Very recently, the Baseball Hall of Fame announced sweeping changes to its format for electing veteran players, those who were
passed over by the writers. The consensus seems to be that this new system will cut down on the number of veterans' selections,
but that's pure speculation. We really don't know what's going to happen.
What we do know is that old system was broken on an epic, mind-boggling scale. Anyone seeking to prove that
fact need go no further than the story of two men.
Ladies and gentlemen, I give you Ray Schalk and Wally Schang.
Their careers paralleled each other almost exactly. Ray Schalk broke in with the White Sox in 1912, but it was just a
September cup of coffee, so his first full year as the Sox starting catcher was 1913. That same year, the Athletics called up
Wally Schang to be their regular backstop. Both men celebrated their first birthday in the big leagues that August, though
Schang was three years older.
For that year and fifteen more, the two were rivals for the title of best catcher in the American League, though their styles
were widely divergent. Schalk was an average hitter, at best, but he was the premier defensive catcher of his day. He caught
a record four no-hitters and is widely credited as the first catcher to hustle down the line to back up first base on a ground
Schang was decent defensively, but he made his mark as a hitter. He swung the bat well enough to get a fair
amount of playing time at third base and in the outfield on days he rested his legs from catching. Though Schalk is the more
famous runner for setting the major league record for steals by a catcher, Schang ran just as well. He stole a third fewer bases
over his career, but at the same success rate, 71%, as Schalk.
Remarkably, in sixteen years of direct competition in an eight-team league, their teams never finished next to
each other in the standings. The White Sox of Schalk's first years were mediocre, then enjoyed a six-year run as one of the best
teams in baseball. They won the World Series in 1917, and threw it in 1919. After eight of their best players were banned for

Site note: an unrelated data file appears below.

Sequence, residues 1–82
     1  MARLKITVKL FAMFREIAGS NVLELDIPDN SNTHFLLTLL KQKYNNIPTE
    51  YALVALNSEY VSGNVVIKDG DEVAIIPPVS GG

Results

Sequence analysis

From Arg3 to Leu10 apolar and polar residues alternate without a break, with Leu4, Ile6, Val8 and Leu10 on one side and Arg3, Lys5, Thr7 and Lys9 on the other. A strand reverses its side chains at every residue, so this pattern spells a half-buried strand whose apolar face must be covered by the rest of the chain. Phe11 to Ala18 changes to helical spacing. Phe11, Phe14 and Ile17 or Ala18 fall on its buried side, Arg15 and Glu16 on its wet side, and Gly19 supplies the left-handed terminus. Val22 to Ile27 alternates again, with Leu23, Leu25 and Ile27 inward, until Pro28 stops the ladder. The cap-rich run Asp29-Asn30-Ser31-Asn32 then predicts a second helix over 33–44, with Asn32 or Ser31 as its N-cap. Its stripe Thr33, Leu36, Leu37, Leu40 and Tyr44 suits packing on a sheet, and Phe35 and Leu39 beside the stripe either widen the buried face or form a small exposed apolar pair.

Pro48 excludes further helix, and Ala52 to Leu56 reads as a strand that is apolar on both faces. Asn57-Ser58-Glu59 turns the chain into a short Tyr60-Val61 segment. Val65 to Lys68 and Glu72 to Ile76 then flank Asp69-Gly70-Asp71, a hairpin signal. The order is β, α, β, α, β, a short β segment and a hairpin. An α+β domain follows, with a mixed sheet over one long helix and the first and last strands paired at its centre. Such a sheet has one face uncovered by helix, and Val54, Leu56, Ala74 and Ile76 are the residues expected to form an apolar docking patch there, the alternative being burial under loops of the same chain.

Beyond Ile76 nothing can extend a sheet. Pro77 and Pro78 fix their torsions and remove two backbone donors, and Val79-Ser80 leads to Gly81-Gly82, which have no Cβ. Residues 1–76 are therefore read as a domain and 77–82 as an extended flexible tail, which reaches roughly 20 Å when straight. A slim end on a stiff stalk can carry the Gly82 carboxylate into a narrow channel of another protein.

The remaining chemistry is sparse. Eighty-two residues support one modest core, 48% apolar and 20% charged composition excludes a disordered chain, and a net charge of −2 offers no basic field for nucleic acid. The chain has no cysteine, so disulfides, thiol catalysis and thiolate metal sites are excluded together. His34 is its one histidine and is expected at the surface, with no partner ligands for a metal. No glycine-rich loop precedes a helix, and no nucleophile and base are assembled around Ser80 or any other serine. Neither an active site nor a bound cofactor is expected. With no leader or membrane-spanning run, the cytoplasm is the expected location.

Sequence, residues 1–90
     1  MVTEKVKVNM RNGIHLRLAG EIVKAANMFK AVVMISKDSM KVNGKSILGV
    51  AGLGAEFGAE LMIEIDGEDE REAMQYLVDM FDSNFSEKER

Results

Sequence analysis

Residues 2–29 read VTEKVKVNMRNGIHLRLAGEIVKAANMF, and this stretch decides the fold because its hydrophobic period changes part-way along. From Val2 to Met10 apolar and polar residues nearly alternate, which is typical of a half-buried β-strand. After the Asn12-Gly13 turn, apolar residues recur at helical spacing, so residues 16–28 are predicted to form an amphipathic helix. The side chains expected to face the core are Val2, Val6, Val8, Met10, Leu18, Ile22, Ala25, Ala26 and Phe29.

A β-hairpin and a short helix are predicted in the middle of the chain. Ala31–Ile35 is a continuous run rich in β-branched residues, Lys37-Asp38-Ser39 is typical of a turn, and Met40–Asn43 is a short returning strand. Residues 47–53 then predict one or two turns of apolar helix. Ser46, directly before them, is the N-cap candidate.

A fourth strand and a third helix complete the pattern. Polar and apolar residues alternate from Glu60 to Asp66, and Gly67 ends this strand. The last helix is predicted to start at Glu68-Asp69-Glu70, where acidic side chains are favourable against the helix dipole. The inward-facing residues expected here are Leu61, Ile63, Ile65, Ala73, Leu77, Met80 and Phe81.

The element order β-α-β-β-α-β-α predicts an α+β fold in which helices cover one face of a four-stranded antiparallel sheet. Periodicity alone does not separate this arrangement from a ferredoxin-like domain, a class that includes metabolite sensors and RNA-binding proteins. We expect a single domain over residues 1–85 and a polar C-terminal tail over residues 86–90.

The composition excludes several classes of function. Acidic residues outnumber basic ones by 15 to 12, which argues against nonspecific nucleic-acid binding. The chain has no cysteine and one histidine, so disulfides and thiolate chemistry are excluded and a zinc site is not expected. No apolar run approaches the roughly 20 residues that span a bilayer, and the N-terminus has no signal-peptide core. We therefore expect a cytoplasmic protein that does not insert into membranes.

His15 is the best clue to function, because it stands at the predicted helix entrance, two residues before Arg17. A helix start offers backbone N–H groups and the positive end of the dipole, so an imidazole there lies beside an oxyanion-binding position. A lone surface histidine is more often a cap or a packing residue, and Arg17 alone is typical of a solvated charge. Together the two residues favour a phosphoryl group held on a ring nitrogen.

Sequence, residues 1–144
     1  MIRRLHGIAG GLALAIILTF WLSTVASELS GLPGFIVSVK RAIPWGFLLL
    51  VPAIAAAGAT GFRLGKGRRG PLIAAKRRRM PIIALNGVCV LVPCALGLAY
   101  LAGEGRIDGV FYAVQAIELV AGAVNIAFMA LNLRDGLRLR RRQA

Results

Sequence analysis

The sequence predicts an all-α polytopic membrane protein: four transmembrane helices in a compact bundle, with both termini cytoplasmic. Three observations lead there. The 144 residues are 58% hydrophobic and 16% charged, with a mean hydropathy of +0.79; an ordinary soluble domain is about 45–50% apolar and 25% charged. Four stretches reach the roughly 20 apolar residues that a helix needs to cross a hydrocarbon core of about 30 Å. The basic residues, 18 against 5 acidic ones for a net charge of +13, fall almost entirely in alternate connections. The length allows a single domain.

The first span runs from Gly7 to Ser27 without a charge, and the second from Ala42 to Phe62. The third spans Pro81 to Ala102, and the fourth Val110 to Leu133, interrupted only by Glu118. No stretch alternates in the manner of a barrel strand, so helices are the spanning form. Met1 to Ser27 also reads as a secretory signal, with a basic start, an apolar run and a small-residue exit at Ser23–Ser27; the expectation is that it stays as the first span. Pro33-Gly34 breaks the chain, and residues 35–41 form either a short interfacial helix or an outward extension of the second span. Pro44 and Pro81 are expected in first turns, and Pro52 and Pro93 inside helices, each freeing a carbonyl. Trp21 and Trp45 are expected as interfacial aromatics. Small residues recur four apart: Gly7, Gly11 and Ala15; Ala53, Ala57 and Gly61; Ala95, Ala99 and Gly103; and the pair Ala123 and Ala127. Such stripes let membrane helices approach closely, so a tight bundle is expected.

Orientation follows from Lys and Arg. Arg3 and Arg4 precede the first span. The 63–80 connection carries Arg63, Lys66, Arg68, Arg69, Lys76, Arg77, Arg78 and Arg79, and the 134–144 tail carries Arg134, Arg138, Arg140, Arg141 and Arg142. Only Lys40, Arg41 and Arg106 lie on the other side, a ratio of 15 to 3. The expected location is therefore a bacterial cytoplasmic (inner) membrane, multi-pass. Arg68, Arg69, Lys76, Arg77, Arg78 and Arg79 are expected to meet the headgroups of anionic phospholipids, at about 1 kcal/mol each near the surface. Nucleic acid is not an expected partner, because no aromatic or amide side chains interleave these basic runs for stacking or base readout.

life, they settled back into mediocrity. In his final eight seasons in Chicago, Schalk never played on a first-division club.
After two at-bats for the New York Giants in 1929, he retired.
Schang's Athletics were the best team in baseball his rookie year. They won the World Series in five games and
returned the next year only to be swept. Then the bottom fell out as Connie Mack sold his talented players for cash. Schang
played for three last-place teams in Philly before finally being sold to the Red Sox before the 1918 season. He was the regular
catcher for that club, the last Sox team to win it all.
Soon thereafter, of course, Harry Frazee earned his spot as one of the most hated men in Boston sports history
by selling Babe Ruth to the Yankees. Schang followed him in 1921, and served as the Bombers' regular backstop for three straight
pennants. Two years later he moved again, this time to the baseball Siberia known as the St. Louis Browns. In Schang's four
years there, the Browns actually improved greatly, managing first-division finishes in 1928 and 1929. By the end of this time
though, Schang was done as a regular player. He returned to the Athletics to serve as the backup catcher on perhaps the greatest
team in baseball history. The A's of 1930 were coming off a World Championship and repeated that year. It was the fourth title
of Schang's career, which ended the next season as the backup for a terrible Detroit team.
Schalk's mediocre teams, with one brief span of excellence, compile a .518 winning percentage during his career.
Schang's clubs varied much more, swinging from dominant to dreadful. Combined, they were very average, posting a .503 winning
percentage. In the sixteen years they competed in the American League, either Schalk's or Schang's team reached the World Series
Here's how their career numbers compared, first offensive, then defensive:
Assuming numbers never lie, which Hall of Fame voters usually do, Schang was a better hitter and Schalk a better
fielder. Now, we can debate the relative weights of these two facets of the game for the next hundred pages or so. Obviously,
catcher is a defense-oriented position, so it could be argued that Schalk was more valuable. At the same time, it can be said
that a good offensive catcher is so rare, particularly in the dead-ball era, that Schang was actually more valuable.
Personally, I don't care which side you land on, I guarantee there will be just as many people on the other side
of the argument when we're through. So let's cut through all that and say they were equally valuable. Quibble away if that's